If the amount of the fund’s illiquid investments that are assets is still above 15 percent of its net assets 30 days from the occurrence (and at each consecutive 30-day period thereafter), the board of directors, including a majority of its independent directors, must assess whether the plan presented to them continues to be in the best interest of the fund. In addition, a fund would be required to report breaks in the 15 percent limit to the SEC on the new Form N-LIQUID.
F. Redemptions In-Kind
Like the Proposing Release, under the final rules, a fund that engages in redemptions in-kind will be required to establish policies and procedures regarding how and when the fund will engage in redemptions in-kind. The SEC noted that such policies and procedures generally should address the process for redeeming in-kind, as well as the circumstances under which the fund would consider redeeming in-kind.
G. Role of the Board
Under the new rules, a fund’s board of directors will be required to approve the designation of the fund’s investment adviser, officer, or officers responsible for administering the fund’s liquidity risk management program. It is important to note, however, that while portfolio managers of the fund cannot be the sole persons designated to administer the program, portfolio managers may be a part of any committee or group designated to administer the program, only if more than one person is so designated. A fund’s board will not be required to specifically approve the fund’s highly liquid investment minimum or to approve material changes to the LRMP. However, the board, including a majority of its independent directors, will be required to provide initial approval of a fund’s liquidity risk management program and review a written report, at least annually, on the adequacy of the fund’s LRMP, including its highly liquid investment minimum and the effectiveness of its implementation. Additionally, the new rules did not change the Proposing Release’s requirement that a fund’s board oversee any liquidity risk monitoring or risk management activities undertaken by the fund’s service providers.
To assist the SEC in identifying weakness in a fund’s liquidity risk management, the Liquidity Rules require each fund to maintain a written copy of the policies and procedures adopted as part of its liquidity risk management program for five years, in an easily accessible place. Additionally, each fund will be required to maintain copies of any materials provided to its board in connection with the board’s initial approval of the fund’s LRMP, and copies of written reports provided to the board on the adequacy of the fund’s liquidity risk management program, including the fund’s highly liquid investment minimum, and the effectiveness of its implementation for at least five years after the end of the fiscal year in which the documents were provided to the board, the first two years in an easily accessible place.
I. Unit Investment Trusts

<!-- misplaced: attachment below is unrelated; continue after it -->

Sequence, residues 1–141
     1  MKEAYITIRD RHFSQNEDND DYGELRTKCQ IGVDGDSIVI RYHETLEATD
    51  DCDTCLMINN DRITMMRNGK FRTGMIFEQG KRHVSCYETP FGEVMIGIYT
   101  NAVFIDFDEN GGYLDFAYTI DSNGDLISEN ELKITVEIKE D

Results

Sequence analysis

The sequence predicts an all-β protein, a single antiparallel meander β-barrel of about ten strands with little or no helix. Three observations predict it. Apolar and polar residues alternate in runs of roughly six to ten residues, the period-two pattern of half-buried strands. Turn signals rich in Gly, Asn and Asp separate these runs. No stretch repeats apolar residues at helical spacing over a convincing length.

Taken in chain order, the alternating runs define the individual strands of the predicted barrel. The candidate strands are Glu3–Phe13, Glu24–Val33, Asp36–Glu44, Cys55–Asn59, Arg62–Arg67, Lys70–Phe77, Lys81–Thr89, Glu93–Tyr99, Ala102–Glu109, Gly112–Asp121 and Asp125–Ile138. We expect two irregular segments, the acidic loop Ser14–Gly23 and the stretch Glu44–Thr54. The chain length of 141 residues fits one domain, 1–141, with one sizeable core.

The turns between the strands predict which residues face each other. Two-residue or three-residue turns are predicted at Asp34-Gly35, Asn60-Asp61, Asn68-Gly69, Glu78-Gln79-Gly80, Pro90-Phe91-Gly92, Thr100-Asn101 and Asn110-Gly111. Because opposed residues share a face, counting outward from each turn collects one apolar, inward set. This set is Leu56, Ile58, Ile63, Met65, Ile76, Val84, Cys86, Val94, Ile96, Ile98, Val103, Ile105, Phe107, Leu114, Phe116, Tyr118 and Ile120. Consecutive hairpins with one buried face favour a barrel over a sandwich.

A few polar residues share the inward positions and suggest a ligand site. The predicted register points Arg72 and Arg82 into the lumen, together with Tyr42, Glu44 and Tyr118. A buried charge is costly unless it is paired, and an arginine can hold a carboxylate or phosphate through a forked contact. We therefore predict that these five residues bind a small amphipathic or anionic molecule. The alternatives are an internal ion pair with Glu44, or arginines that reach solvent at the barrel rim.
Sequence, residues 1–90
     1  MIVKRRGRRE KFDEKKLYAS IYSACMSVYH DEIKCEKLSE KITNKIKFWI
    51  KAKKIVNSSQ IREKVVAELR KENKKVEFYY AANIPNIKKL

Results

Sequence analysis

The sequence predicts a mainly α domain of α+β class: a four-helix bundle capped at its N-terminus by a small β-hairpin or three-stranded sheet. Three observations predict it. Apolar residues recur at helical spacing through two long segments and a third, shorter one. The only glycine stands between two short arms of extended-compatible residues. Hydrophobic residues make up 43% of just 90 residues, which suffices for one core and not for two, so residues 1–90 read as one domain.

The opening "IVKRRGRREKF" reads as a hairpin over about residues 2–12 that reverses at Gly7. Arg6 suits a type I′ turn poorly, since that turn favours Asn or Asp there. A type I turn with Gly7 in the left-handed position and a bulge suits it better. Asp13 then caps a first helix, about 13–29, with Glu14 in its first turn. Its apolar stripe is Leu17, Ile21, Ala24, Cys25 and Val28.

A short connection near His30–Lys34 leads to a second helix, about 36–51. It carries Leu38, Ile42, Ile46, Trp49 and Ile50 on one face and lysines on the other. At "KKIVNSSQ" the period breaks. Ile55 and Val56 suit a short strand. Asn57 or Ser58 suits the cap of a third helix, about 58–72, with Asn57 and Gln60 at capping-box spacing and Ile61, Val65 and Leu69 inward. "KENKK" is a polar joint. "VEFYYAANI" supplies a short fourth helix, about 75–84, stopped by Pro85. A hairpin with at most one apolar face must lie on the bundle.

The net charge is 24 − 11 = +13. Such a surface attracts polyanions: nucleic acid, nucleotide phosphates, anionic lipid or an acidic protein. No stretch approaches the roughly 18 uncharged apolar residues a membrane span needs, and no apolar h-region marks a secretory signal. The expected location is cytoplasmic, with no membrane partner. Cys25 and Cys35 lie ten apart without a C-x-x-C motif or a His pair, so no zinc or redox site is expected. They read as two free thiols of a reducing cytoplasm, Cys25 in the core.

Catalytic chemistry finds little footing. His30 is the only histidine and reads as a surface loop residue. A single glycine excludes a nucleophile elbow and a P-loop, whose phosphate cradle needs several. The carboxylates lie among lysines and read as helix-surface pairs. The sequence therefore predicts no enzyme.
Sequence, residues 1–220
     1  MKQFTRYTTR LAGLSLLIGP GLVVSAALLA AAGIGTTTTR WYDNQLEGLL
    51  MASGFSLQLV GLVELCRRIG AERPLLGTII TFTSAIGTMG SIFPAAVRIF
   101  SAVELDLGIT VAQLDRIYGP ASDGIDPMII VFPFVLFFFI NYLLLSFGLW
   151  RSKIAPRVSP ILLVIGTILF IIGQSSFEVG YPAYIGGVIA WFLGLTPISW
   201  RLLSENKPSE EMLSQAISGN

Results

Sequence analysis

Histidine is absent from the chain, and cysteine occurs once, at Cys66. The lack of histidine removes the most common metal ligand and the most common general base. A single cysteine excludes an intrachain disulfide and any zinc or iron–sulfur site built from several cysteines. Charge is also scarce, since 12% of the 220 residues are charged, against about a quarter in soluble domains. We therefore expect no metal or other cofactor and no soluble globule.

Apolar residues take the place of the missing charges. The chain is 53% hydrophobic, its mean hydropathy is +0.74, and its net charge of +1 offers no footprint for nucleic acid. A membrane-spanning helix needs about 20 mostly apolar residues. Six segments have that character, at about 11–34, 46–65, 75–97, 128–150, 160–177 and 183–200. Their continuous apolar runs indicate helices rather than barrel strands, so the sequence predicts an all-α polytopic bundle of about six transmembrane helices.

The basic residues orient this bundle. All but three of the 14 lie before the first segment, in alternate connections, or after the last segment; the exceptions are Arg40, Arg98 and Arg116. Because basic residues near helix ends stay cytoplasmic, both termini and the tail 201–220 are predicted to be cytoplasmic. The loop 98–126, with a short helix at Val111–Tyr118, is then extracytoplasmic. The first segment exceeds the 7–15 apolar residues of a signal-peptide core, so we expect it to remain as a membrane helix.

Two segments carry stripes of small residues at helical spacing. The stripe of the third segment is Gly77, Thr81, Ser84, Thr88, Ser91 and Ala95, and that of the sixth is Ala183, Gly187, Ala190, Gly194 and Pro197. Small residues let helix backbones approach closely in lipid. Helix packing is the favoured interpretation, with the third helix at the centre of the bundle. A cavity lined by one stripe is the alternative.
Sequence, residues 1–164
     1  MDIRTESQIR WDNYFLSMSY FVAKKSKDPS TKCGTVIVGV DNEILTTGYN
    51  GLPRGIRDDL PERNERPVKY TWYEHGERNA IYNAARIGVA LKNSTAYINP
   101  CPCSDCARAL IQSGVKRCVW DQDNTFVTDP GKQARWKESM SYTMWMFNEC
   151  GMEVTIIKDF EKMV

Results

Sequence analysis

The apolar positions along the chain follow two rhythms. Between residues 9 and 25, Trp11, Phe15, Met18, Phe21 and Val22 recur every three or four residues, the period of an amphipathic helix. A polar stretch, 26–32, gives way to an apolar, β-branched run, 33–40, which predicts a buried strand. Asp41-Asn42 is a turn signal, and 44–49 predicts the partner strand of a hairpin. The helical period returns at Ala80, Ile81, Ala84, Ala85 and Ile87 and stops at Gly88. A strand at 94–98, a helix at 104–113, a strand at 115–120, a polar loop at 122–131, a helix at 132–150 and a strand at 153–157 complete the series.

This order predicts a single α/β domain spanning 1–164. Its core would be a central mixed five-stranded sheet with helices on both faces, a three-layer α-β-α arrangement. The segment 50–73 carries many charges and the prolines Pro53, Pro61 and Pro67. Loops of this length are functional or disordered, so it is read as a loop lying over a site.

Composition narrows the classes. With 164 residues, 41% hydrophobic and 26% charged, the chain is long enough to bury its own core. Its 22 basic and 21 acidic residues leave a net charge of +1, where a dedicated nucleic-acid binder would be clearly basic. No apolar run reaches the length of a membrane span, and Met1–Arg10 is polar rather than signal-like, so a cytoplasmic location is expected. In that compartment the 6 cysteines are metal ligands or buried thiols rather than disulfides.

In addition to covering funds and ETFs, the Liquidity Rules also include a separate limited liquidity review applicable to unit investment trusts (“UITs”). Under the final rules, the UIT’s principal underwriter or depositor must determine, on or before the initial deposit of portfolio securities into the UIT, that the portion of the illiquid investments that the UIT holds or will hold at the date of deposit that are assets is consistent with the redeemable nature of the securities it issues. The rule also requires UITs to maintain a record of that determination for the life of the UIT and for five years thereafter. UITs and their principal underwriters and depositors are not subject to any of the rule’s other liquidity risk management program requirements.
III. Swing Pricing
Rule 22c-1(a)(3), which permits, but does not require, the use of swing pricing, is focused on mitigating shareholder dilution that might result from unexpected redemptions or subscriptions into a fund. Swing pricing will permit a fund to adjust its NAV up or down in the event that net purchases or redemptions exceed a specified percentage of the fund’s NAV on any given day, known as the “swing threshold.” During periods of relatively high net purchases or net redemptions, the use of swing pricing will allow the costs resulting from such activity to be reflected immediately in a fund’s NAV, thereby passing on the costs stemming from shareholder purchase or redemption activity to all shareholders, including those associated with that activity. The goal of swing pricing is to mitigate dilution to those shareholders that were not involved in the subscription or redemption activity.
In order for a fund to employ swing pricing, the fund’s board will be required to adopt and approve policies and procedures specifying the swing threshold and method of determining the swing factor, with such policies and procedures further providing that the fund must adjust its NAV by the swing factor once net purchases or net redemptions exceed the specified swing threshold. Further, adopted policies and procedures must provide for the periodic review of its swing threshold, no less frequently than annually.
A. Swing Threshold
A fund’s swing threshold should represent a level beyond which net purchases or net redemptions will trigger portfolio trading activity that may generate material liquidity or transaction costs for the fund. Accordingly, Rule 22c-1(a)(3)(i)(B) requires that a fund must consider a set of factors in order to determine the fund’s swing threshold, which include:
- The size, frequency, and volatility of historical net purchases or net redemptions of fund shares during normal and stressed periods;
- The fund’s investment strategy and the liquidity of the fund’s portfolio assets;
- The fund’s holdings of cash and cash equivalents, as well as borrowing arrangements and other funding sources; and
- The costs associated with transactions in the markets in which the fund invests.